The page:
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State v. Byrd

Supreme Court of Arizona

October 30, 1944

THE STATE OF ARIZONA, Appellee,
v.
ART BYRD, Appellant

APPEAL from a judgment of the Superior Court of the County of Gila. Gordon Farley, Judge.

Judgment reversed and case remanded with instructions.

Mr. Joe Conway, Attorney General, Mr. Thomas J. Croaff, Assistant Attorney General, Mr. Frank E. Tippett, County Attorney, and Mr. D. E. Rienhardt, Deputy County Attorney, for Appellee.

Messrs. Lewkowitz & Wein, for Appellant.

Ross, J. McAlister, C. J., and Stanford, J., concur.

OPINION

Ross, J.

[62 Ariz. 25] Art Byrd was convicted in the superior court of Gila County of the crime of rape, committed on or about July 31, 1943, upon one Noree Livingston, a female not his wife, under the age of eighteen years, to-wit, of the age of sixteen. From a sentence to the state prison of not less than five nor more than six years he has appealed.

By his assignment of error number one he questions the sufficiency of the evidence to sustain the conviction. On this point the prosecutrix testified that appellant took her for a drive at night into an out-of-the-way place, stopped his automobile and committed the act. Appellant admits that he and the prosecutrix took the drive to the country and stayed out until about 11 P. M. She says 2 A. M. the following morning, but he testified he had no sexual intercourse with the prosecutrix at that time or any other time.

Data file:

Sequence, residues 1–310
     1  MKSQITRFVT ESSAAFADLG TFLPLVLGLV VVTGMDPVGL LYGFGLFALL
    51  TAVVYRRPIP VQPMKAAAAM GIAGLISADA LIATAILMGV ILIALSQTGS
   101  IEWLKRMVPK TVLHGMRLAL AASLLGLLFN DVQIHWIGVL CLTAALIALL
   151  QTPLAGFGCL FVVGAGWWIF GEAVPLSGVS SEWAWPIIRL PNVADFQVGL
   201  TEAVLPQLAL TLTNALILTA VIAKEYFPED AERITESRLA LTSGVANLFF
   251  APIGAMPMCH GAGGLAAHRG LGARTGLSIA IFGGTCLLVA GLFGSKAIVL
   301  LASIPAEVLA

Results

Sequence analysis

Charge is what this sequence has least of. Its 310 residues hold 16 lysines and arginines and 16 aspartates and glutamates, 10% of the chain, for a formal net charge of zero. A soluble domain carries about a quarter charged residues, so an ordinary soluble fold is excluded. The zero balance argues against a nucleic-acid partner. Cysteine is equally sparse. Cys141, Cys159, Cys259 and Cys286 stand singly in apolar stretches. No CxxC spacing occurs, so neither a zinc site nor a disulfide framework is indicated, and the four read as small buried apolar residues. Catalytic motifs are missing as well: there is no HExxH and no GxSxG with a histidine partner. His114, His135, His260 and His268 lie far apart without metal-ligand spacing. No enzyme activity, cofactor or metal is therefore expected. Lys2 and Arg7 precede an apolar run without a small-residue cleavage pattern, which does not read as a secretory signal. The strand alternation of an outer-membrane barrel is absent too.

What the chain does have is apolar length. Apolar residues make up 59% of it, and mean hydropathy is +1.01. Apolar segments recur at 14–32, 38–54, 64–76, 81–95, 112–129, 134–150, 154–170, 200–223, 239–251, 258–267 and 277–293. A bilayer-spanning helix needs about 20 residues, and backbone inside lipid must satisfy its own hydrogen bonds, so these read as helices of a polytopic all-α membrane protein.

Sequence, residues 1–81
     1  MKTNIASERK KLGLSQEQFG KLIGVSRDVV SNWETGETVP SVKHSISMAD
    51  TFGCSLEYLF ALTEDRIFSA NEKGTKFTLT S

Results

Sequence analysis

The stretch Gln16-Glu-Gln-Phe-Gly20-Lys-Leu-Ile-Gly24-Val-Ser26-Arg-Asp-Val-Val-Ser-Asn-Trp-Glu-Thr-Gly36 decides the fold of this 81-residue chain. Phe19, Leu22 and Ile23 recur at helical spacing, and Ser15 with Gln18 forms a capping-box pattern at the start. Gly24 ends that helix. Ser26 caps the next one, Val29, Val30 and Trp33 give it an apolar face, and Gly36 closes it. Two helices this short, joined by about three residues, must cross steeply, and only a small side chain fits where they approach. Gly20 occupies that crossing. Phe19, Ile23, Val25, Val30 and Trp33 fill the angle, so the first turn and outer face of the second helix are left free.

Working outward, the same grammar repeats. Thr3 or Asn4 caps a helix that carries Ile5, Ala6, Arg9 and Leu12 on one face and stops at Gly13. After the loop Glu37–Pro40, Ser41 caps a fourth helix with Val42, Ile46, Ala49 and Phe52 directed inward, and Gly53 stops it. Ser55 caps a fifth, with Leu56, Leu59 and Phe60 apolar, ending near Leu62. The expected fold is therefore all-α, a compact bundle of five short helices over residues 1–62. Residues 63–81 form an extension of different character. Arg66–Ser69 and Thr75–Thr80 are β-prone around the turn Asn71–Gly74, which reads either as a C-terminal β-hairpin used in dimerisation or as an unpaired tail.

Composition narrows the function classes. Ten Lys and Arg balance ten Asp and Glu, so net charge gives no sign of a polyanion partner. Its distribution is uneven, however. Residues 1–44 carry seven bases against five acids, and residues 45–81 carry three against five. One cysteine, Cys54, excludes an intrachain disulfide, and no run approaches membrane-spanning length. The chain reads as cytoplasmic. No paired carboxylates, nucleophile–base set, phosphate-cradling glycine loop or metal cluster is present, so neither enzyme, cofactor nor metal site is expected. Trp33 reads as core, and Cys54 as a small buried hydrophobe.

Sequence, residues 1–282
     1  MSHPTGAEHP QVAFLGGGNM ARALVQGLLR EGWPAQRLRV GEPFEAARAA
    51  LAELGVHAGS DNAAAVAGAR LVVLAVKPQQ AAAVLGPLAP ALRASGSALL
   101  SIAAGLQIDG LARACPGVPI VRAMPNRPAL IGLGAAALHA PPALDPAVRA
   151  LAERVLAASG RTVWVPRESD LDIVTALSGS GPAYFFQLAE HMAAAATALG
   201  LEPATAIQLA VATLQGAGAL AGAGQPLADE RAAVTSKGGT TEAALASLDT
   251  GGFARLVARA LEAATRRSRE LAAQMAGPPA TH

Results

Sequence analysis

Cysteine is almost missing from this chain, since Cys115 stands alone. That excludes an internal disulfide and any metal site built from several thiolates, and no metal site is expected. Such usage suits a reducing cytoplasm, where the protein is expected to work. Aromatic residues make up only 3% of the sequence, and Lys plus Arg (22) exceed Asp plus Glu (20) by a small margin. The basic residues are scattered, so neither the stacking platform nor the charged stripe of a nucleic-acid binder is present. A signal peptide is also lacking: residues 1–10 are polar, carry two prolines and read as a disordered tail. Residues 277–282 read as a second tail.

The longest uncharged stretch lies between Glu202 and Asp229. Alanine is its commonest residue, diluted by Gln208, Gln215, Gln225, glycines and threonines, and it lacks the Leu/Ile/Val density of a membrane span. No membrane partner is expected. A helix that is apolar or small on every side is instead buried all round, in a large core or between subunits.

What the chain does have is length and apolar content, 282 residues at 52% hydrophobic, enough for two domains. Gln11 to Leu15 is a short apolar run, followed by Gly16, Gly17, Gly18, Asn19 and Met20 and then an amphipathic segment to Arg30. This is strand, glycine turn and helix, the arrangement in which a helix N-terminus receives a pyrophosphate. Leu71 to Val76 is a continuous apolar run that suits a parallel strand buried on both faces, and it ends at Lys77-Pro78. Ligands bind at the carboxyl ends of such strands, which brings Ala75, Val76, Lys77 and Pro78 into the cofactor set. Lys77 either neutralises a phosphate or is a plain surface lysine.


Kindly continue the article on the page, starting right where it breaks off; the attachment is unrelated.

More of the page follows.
Dr. T. C. Harper testified that he examined Noree Livingston a few days before the trial and he "found that her hymen had been destroyed, completely gone. Her vagina was of a size that would lead me

Page 670

to believe it had been entered many times." He said the condition described could have been caused by natural sexual relations or masturbation.

We think, under the circumstances as related, the question of the veracity and truthfulness of these two witnesses was one for the jury. The evidence is quite certain that the prosecutrix had been violated, and the opportunity for the appellant to have done what he is charged with doing, and the circumstances of their staying out so late at night, and their subsequent action, was a matter for the consideration of [62 Ariz. 26] the jury. State v. Pollock, 57 Ariz. 415, 114 P.2d 249.

Appellant seems to rely for comfort upon what we said in Reidhead v. State, 31 Ariz. 70, 250 P. 366. The information in that case charged the rape was committed by force and violence, and there was no pretense that the will of the prosecutrix was overcome by force or violence of any kind. We held that the conviction upon evidence that failed to show resistance to the utmost of the prosecutrix's ability, she being over eighteen years old, would not sustain a conviction. In that connection, we used the following cautionary language:

"And when a verdict of guilty is returned on the evidence of the prosecutrix alone, her story must be reasonable, consistent, and not inherently impossible or improbable to a degree that would make it ...


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